Laity Rules O.K.! ... but not yet
NINE YEARS AGO, the National Council for the Apostolate of the Laity was set up by the Irish Hierrarchy in accordance with the wishes of Vatican II. The Council was to redefine the role of the laity within the Church, giving the flock genuine, not merely connsultative, power.
But the Irish bishops are a cautious lot. Each bishop nominated one lay person to the Council and the reesulting unwieldy body which included such notable radicals as James Dillon, ex-leader of Fine Gael, and. Vincent Grogan SC, ex-leader of the Knights of Columbannus - has been a costly gesture but hardly recognises theespirit of Vatican II.
Despite the fact that all the laity were nominated by bishops, the Council was still potentially too radical for the Hierarchy. It was given no specific powers and no area of special concern. Its plenary meetings were chaired by the President of the National Lay Council who was, of course, not a layman but an archbishop - Dr. Thomas Morris, Archbishop of Cashel.
In 1977, the Council deegenerated further into a nearrmoribund state. Its original chairman, Maurice Cosgrove, former General Secretary of the Post Office Workers' Union and President of the Irish Congress of Trade Unions, ended his term of office in 1976. His successor has yet to be appointed. And Mr. Cosgrove, a pious Limerrick trade-unionist long an advocate of Catholic Action, has retained the post against the constitution of the Counncil.
The Council met late last year and asked the bishops to' nominate a sub-committee to investigate the matter, which they did. Meanwhile, Mrs. Theresa Brennan, Secreetary of the Council, resigned in frustration early in 1977. She was not replaced.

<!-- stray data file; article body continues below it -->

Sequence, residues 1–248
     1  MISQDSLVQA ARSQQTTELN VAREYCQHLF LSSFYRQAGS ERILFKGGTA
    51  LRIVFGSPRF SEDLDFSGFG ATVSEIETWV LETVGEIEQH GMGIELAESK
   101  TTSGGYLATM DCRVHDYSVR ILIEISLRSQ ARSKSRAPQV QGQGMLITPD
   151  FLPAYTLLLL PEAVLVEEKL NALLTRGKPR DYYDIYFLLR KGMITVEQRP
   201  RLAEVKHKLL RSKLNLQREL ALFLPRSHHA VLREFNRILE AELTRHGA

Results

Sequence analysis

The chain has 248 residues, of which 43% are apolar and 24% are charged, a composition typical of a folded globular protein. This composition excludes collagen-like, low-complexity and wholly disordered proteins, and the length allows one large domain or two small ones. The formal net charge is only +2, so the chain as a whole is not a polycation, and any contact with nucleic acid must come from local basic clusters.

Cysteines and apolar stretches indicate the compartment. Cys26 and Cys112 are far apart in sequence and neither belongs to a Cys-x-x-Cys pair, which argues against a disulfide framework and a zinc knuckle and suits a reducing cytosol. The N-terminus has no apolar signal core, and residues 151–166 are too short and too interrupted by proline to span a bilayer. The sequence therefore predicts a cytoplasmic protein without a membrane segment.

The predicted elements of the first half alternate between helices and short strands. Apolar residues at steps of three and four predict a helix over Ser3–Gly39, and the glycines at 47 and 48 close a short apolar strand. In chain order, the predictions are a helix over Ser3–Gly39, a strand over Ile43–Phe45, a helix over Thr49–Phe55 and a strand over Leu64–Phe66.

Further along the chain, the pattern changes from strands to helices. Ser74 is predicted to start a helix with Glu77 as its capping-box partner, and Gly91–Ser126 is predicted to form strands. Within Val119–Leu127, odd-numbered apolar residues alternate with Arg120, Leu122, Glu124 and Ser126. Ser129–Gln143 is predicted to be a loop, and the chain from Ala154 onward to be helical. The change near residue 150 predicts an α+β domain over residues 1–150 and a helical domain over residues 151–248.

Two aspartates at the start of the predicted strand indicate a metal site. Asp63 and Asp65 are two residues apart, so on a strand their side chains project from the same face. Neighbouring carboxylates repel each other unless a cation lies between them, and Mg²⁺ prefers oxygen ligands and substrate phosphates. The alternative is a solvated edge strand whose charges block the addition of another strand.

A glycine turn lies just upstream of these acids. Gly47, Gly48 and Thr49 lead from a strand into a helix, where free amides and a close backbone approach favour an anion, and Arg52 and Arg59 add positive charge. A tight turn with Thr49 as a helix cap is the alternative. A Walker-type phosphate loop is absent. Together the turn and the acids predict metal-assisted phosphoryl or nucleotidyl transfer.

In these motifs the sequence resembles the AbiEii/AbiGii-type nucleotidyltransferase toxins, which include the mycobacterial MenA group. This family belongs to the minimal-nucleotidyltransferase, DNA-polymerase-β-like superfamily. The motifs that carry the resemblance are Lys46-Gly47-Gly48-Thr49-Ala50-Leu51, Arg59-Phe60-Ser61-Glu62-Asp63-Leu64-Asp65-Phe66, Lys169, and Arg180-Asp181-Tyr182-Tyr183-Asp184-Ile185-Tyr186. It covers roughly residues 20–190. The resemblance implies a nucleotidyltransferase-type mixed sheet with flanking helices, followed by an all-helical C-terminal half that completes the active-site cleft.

Last October, the subbcommittee reported back to the Hierarchy in Maynooth. It recommended that the number of lay people on the Council be reduced and that it be given real powers. At a press conference after the meeting, Bishop Cahal Daly promised 'a new era for the laity, they will be given real powers in areas affecting lay people such as religious education.'
But since then the bishops have done nothing. There is still no sign of a new chairman to the Council. Mrs. Brennan still has not been replaced although she is now handling routine corrrespondence for the Council on a voluntary basis.
The Council remains the same size and has the same members as it had before the sub-committee was formmed. And the bishops have now told the Council that even on the limited question of religious training for childdren, the Council will only have an advisory role.
Last month, Bishop Cahal Daly issued a joint pastoral letter with Dr. Dermot Ryan on their impressions of the Synod in Rome last Septemmber. They reiterated at length all that was formulated in the original document on the laity in 1964 after Vatican Council II. The Irish Catholic Church today gives a disstinct impression of deja vu.